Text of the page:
Liu et al. reviewed the literature for data from randomized controlled trials (RCTs) on third-generation cephalosporins compared to other antibiotic regimen in neurosurgery. End point of the RCTs was the occurrence of surgical site infections (SSIs)–data were pooled in a fixed-effects metaanalysis. Five randomized controlled trials enrolling a total of 2209 patients were identified. The pooled odds ratio for SSIs (overall) with third-generation cephalosporins prophylaxis in the five RCTs was 0.94 (95% CI, 0.59-1.52; P=0.81). No significant difference between third-generation cephalosporins and alternative regimen was identified. When analyzing organ SSIs (osteomyelitis, meningitis, and others intracranial infections) in data derived from four RCTs (1596 patients), third-generation cephalosporins failed to show superiority (pooled odds ratio 0.88; 95% CI 0.45-1.74; P=0.72).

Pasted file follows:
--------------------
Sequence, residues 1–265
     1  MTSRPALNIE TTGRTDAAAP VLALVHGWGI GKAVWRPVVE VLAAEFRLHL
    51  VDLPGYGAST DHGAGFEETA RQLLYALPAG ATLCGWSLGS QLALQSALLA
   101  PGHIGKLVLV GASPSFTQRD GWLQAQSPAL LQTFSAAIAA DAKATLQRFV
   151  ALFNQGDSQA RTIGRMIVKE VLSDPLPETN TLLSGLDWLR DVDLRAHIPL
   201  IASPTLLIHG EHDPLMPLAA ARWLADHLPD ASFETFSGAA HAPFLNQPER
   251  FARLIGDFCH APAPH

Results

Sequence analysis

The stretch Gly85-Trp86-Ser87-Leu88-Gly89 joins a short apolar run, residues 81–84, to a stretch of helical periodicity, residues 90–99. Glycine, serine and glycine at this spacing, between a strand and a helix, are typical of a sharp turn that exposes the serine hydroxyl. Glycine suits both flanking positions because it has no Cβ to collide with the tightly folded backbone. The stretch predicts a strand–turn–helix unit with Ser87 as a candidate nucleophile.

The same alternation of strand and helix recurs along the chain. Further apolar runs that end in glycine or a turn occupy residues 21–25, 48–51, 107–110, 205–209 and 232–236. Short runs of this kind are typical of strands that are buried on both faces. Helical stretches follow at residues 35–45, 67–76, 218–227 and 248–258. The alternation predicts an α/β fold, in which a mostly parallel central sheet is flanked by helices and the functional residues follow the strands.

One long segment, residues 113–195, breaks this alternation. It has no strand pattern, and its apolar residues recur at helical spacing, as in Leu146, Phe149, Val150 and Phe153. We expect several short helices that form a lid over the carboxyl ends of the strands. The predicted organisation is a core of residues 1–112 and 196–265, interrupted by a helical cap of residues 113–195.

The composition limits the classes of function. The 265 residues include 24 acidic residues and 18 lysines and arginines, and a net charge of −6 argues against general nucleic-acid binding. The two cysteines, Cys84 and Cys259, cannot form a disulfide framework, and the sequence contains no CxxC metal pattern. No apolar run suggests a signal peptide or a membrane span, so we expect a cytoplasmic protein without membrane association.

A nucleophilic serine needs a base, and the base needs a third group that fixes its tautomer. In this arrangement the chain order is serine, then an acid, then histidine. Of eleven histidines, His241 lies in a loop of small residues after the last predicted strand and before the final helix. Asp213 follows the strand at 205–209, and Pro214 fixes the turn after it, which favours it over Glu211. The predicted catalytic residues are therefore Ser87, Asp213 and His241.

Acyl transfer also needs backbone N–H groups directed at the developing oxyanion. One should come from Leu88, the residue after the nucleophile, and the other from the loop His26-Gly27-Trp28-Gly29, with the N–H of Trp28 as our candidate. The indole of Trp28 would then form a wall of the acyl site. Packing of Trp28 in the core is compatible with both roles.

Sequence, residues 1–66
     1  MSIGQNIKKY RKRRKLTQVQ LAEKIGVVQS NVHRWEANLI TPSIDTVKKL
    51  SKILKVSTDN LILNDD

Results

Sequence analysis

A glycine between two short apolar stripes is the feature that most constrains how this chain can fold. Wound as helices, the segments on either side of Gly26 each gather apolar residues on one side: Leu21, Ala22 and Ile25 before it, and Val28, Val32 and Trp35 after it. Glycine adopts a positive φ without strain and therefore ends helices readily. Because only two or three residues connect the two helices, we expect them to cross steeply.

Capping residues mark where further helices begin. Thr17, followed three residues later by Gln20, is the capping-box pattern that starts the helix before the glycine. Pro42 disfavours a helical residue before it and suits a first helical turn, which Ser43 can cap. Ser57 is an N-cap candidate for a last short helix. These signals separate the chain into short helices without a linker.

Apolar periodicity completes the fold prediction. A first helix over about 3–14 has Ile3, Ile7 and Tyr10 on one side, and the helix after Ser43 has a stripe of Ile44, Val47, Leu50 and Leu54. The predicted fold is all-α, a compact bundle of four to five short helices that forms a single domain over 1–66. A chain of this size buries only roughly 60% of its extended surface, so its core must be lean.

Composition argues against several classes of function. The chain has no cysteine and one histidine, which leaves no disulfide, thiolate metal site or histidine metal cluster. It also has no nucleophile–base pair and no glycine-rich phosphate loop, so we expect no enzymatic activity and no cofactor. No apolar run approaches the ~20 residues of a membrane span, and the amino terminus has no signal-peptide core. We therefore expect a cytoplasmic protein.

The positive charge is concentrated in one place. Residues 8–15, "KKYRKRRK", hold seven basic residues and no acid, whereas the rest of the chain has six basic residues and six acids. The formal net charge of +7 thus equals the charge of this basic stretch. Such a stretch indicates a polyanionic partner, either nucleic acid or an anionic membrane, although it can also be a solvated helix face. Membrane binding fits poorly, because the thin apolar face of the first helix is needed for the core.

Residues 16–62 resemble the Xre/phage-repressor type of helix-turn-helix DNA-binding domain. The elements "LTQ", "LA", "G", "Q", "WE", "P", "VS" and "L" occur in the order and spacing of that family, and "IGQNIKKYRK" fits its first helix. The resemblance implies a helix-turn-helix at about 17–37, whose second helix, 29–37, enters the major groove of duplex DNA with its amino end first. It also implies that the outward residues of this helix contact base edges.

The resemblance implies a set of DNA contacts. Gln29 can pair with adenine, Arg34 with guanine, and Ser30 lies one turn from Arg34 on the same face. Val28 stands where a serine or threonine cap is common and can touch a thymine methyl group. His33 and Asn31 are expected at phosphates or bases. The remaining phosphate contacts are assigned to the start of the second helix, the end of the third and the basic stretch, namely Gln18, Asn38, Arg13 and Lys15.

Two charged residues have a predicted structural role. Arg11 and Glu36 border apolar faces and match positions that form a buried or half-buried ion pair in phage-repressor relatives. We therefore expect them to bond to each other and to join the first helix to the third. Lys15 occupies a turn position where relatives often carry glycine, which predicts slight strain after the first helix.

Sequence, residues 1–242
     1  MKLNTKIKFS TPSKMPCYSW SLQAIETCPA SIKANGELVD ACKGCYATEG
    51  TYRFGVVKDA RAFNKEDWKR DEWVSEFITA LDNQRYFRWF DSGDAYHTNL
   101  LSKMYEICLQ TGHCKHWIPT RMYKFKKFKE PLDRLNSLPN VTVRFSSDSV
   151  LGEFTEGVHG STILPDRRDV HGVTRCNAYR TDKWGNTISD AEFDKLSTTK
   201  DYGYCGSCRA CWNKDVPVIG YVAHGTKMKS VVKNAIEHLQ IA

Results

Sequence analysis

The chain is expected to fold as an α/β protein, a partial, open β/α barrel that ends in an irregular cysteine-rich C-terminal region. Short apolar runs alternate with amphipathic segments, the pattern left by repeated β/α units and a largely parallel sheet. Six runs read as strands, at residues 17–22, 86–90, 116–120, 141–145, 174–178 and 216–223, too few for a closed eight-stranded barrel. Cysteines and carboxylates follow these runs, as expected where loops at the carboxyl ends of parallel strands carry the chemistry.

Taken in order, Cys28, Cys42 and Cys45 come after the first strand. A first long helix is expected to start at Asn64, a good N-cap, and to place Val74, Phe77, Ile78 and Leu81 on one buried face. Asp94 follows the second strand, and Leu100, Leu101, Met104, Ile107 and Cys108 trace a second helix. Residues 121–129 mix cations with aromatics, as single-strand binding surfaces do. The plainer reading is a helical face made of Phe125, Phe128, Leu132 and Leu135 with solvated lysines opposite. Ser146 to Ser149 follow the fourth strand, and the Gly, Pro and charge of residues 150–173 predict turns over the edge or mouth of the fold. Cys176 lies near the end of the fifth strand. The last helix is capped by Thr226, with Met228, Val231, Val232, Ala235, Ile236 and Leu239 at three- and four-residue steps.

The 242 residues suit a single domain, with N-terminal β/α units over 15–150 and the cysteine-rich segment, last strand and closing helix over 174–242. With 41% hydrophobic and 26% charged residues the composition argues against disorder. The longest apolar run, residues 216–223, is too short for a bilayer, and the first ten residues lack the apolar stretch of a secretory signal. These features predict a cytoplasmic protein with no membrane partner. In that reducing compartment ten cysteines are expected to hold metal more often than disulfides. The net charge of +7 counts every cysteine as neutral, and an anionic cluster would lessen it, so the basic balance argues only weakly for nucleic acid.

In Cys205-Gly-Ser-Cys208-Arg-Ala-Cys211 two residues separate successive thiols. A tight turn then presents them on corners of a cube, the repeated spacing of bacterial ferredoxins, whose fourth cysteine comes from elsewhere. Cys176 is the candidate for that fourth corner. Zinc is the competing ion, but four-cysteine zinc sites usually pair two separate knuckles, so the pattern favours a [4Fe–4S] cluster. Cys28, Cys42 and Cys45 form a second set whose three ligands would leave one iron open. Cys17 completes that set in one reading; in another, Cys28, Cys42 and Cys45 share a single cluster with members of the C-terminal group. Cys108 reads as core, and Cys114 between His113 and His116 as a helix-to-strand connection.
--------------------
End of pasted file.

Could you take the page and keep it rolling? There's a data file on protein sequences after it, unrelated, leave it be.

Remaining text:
Third-generation cephalosporin antibiotic prophylaxis fails to show superiority over conventional regimens regarding both incisional and organ related SSIs in neurosurgery 1).

Liu W, Neidert MC, Groen RJ, Woernle CM, Grundmann H. Third-generation cephalosporins as antibiotic prophylaxis in neurosurgery: what's the evidence? Clin Neurol Neurosurg. 2014 Jan;116:13-9. doi: 10.1016/j.clineuro.2013.10.015. Epub 2013 Nov 1. Review. PubMed PMID: 24269048.
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